From John Wall to Bradley Beal to Otto Porter Jr. and even from injured players such as Chris Singleton, the Washington Wizards almost to a man talked openly and confidently about making a playoff push this season during the team’s media day at Verizon Center on Friday afternoon.
Work toward the club’s first playoff appearance since 2007-08 begins in earnest Saturday with the start of training camp at George Mason University, where Wall and Beal will have plenty of time to get in tune following limited court time together last season. The two played in just 25 games with each other after Wall began the season with a stress injury and before Beal dealt with a stress injury of his own and was shut down for the final seven games of the regular season.
Wall and Beal begin thist season healthy with largely the same cast from a year ago. The most notable addition is that of Porter, the No. 3 overall pick in the draft who played two seasons at Georgetown. Porter is part of a young nucleus around which the team is building for the long haul, and Wall indicated that with the infusion of new players combined with impact veterans from last season, missing the playoffs would be unacceptable.
“Then that’s the biggest disappointment I think I would have since I’ve been in the NBA,” said Wall, who signed a five-year contract extension worth $80 million during the offseason. “I think it would be just a waste of a season to be honest.”
Apart from continuing to emphasize defense, ball security and unselfish play, remaining healthy is among the top priorities for the Wizards. By the time Wall came back last season, Washington had a 5-28 record, but his presence clearly energized the team to play with added effort.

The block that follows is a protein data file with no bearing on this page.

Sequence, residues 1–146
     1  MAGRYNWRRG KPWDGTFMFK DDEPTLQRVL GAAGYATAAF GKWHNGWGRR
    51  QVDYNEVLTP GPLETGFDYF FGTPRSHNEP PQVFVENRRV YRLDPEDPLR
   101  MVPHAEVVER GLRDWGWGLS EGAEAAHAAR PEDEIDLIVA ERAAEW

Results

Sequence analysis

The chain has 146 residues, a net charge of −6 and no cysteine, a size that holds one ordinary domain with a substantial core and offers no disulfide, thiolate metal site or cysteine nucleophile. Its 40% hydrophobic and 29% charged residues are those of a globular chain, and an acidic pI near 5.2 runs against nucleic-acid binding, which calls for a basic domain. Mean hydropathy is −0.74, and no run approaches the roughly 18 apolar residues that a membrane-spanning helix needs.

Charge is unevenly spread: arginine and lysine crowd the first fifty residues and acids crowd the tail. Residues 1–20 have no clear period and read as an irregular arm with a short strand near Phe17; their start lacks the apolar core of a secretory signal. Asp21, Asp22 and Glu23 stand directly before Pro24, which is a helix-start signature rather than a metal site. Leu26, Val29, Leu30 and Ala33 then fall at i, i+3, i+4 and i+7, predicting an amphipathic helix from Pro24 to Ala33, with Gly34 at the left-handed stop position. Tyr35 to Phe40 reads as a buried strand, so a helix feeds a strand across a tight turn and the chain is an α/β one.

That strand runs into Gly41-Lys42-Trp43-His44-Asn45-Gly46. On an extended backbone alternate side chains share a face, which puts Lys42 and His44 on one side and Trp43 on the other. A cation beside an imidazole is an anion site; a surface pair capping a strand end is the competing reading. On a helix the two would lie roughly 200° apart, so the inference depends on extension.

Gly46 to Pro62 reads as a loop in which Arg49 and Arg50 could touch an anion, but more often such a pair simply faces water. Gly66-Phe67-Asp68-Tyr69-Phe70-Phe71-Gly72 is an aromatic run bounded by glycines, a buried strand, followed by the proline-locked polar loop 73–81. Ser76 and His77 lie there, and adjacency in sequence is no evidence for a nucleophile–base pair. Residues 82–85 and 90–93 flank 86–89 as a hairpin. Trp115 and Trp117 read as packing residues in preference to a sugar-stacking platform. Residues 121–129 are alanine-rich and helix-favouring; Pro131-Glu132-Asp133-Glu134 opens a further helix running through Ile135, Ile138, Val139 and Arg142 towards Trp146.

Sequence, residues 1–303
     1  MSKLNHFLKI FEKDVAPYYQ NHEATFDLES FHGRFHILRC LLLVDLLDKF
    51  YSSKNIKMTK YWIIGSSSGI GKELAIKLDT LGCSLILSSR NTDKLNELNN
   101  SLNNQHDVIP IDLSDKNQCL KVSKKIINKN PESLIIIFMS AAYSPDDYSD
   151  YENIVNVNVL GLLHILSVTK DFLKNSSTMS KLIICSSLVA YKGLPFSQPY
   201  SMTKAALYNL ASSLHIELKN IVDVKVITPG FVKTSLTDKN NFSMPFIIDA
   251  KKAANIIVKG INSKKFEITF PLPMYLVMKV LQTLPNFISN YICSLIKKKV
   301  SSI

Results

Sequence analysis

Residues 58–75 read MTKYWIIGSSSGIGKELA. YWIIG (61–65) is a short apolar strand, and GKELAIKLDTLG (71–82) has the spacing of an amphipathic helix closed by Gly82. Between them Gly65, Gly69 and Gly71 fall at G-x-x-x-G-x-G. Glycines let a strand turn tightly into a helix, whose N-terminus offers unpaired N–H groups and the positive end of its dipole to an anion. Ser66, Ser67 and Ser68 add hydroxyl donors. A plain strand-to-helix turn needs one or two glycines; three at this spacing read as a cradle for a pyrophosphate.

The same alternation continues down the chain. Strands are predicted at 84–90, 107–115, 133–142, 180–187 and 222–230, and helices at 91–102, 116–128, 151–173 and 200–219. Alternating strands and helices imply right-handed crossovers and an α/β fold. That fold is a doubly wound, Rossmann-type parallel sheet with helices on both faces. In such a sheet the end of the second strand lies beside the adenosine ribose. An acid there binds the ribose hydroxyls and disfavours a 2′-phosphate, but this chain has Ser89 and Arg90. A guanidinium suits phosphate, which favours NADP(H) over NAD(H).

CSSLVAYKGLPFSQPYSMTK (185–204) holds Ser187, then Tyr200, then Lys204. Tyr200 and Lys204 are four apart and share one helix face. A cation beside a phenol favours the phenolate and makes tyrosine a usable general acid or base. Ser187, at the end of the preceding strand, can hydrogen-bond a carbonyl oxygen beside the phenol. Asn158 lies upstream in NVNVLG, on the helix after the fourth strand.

Without Wall, the Wizards lost their first 12 games to begin last season, and any talk of playoffs this season includes avoiding a lethargic start.
“That’s definitely our ultimate goal, something that we’re striving for,” Beal said of making the playoffs. “We definitely have the assets, all the guys on this team to be able to do something.”
The only mildly dissenting voice regarding the playoffs came from center Nene, whose importance is magnified given the loss of Emeka Okafor. The starting center is out indefinitely with a herniated disk in his neck, the team revealed last week.
Also out to start the season is backup forward Chris Singleton. The third-year player had surgery last week to repair a Jones fracture to his fifth metatarsal suffered during a voluntary workout Sept. 17.
The Wizards did add Al Harrington for depth in the front court, and they’ll have veterans Kevin Seraphin, Jan Vesely and Trevor Booker in the mix to try to alleviate some pressure off Nene.
“I’m not singer. I don’t like to work with my mouth,” Nene said of the Wizards’ postseason chances. “I work with my action. I hope the team will work the same thing because when you say something, you don’t know. There is still 82 games to play. If you say something before that happens, you need to prove, you need to own your words. We have a great team, we have a good team, we have a competitive team, but still must work hard to deserve that position.”